Jay Gruden goes to Washington

Previously on Going Deep...

Norval. Adrian. Cordarrelle.

Chances are that "Mad Men" teaser-like recap didn't shine a lot of light on anything. Which is why you can go here to binge read last week's column just in time for this week's episode.

This week, we move our focus to the nation's capital where Jay Gruden has taken over head coaching duties of the local football team in the hope of erasing memories of a horrid 2013 season. Meanwhile, fantasy owners are just concerned with whether the former Bengals offensive coordinator can breathe some new life into an offense that at times ran about as efficiently as a congressional budget meeting.

But while a new coach usually brings optimism to his new stop, Gruden doesn't have a deep resume as a play-caller. He spent just three seasons as an offensive coordinator at the NFL level, though he did perform the job over several seasons in the Arena Football League. Look behind Gruden to his OC, Sean McVay, and there's even less experience orchestrating an NFL offense.

It's through that lens that we peer into our murky crystal ball to divine what to make of the fantasy futures of Robert Griffin III, Alfred Morris, Pierre Garcon and the rest of D.C.'s gridiron stars.

During his three seasons in Cincinnati, Gruden gave his quarterback -- Andy Dalton -- an increasingly longer leash to throw the football. Dalton threw the ball 300 times as a rookie in 2011 and graduated to 363 attempts by last season. But through it all, the Bengals never really increased the ratio of passes to runs.

Taken as a whole, the Bengals were actually below the league average. During that three year stretch, NFL teams on average threw the ball 58 percent of the time while Gruden's offenses chucked it 56 percent of the time.

Coincidentally, that same 56 percent applies to Washington's play selection over the past three seasons. The upside for RGIII and company under the new regime should be a sense of normalcy. In 2011 with Rex Grossman as the team's main starting QB, then-OC Kyle Shanahan threw the ball 61 percent of the time. The following year, Griffin came to town ... and so did the run. The club kept the ball on the ground 52 percent of the time, helping Alfred Morris become a breakout fantasy star.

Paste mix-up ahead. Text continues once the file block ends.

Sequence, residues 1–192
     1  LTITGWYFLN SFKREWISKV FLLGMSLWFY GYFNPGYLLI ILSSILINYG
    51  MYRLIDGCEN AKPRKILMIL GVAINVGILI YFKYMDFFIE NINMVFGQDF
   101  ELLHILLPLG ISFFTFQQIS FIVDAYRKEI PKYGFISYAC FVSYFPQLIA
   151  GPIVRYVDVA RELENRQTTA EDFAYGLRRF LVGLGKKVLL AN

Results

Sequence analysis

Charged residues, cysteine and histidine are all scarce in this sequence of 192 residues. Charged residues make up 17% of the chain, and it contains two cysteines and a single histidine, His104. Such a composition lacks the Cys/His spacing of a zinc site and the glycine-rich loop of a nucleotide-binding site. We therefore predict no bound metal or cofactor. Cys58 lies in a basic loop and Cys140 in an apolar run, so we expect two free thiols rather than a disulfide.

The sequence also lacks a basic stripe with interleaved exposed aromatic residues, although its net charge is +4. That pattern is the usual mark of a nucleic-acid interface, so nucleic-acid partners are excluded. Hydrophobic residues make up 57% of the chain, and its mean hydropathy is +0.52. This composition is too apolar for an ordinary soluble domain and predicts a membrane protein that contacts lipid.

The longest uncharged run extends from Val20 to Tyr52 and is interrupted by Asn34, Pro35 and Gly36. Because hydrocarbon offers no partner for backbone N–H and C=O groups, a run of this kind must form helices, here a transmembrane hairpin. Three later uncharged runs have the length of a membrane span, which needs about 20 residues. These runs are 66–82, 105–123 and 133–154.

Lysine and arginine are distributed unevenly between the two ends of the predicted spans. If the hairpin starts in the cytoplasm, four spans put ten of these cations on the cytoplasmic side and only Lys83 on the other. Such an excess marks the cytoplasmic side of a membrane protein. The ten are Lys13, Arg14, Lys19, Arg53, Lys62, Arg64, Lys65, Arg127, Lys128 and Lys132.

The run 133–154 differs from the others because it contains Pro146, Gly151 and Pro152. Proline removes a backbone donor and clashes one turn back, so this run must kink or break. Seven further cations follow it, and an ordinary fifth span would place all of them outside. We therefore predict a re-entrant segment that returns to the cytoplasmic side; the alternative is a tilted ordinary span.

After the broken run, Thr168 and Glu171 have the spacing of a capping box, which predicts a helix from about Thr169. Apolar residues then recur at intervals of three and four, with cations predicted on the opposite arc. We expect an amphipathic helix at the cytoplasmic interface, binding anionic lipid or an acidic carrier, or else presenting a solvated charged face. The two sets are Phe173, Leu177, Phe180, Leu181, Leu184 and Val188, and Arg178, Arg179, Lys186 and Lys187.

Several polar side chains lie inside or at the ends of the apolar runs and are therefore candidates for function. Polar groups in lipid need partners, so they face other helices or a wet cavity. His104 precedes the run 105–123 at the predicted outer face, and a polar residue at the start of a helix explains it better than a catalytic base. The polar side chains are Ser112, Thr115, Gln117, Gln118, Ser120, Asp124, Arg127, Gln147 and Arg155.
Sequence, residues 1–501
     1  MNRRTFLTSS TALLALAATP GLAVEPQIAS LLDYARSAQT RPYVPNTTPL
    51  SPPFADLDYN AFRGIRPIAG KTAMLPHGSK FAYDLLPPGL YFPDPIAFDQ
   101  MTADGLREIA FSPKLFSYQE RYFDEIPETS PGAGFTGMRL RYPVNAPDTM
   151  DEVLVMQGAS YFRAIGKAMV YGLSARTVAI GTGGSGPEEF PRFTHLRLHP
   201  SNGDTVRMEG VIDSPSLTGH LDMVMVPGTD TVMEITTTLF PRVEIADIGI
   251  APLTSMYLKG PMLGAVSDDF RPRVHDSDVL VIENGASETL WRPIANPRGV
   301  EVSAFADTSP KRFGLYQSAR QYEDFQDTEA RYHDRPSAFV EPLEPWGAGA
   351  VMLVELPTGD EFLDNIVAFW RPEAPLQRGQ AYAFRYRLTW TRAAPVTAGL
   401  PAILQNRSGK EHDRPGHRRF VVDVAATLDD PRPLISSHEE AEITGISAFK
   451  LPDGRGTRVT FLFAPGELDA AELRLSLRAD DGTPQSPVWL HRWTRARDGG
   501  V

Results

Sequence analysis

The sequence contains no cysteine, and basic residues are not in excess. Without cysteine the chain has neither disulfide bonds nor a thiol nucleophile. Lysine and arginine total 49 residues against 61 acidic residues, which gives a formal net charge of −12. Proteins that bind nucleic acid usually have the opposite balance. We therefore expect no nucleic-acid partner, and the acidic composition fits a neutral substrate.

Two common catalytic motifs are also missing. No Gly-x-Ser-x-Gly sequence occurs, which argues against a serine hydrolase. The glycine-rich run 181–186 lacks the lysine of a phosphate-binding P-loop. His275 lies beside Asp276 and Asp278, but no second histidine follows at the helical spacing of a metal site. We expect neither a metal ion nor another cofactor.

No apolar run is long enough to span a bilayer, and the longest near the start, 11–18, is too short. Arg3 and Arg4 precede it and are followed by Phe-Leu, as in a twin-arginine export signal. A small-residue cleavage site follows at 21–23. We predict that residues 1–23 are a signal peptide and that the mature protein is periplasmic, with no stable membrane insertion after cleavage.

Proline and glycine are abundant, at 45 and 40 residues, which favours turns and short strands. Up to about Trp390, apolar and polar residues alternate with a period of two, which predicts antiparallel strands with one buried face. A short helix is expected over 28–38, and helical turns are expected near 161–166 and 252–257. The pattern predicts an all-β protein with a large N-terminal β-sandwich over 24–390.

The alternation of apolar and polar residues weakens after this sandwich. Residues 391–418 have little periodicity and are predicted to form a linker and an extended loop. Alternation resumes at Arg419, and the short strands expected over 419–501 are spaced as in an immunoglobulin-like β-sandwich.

Things changed in The District in 2013. Maybe because of Griffin's recovery from his knee injury or just Shanahanigans in a new form. But last season, Washington went back to the air on 59 percent of its snaps. Those wild swings might cross up opposing defensive coordinators, but they'll also prevent your offense from gaining any sort of identity.

With Gruden and company in town, look for the disparity in that ratio to decrease. However, does that mean Griffin's turnovers could be on the rise? As Andy Dalton gained comfort in Cincy's offense, he was also given license with where to go with the football. That led to a dramatic increase in interceptions -- from 13 to 16 to 20. Considering Griffin's occasional issues making downfield reads in 2013, it's a substantial concern.

The answer? Safe throws and abundant outlets -- something Washington has the personnel to provide. Gruden has the luxury of having Roy Helu on his new roster. The fourth-year player led the team's backs in catches last season with 31. He also posted a career-high 49-catch season as a rookie and can capably fill the role Gio Bernard played last season in Cincinnati.

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The upside to Washington's roster is having Jordan Reed in the middle of the field. The young tight end was having a promising season until concussion issues ended it prematurely. Reed looks like a much more consistent option in the middle of the field than the maddeningly inconsistent Jermaine Gresham. Not to mention Reed had already built a solid rapport with RGIII before the injury.

But what of Alfred Morris? After a big 2012, he disappointed fantasy owners in 2013. That was partially because he couldn't match the 13 touchdowns he scored as a rookie. Yet Morris also had 59 fewer carries in his second season. That could be the way of the world for the young running back. And if Gruden and McVay decide Helu is worthy of a few rushing attemps of his own, that number could come down.

That was the case with BenJarvus Green-Ellis in Cincinnati. In his first season with the Bengals, the Law Firm put 278 carries on the books. The following year, Bernard started logging some billable hours of his own and that number fell to 220 attempts for Green-Ellis.

Overall there's definitely change coming to Washington. Whether there's hope for fantasy owners remains to be seen. But without a doubt a new modus operandi will be in effect for the 2014 season. Its success of failure is certain to define everyone involved in short order.

Marcas Grant is a fantasy editor for NFL.com and a man who takes his advice on cocktails from Don Draper. You can follow him on Twitter.

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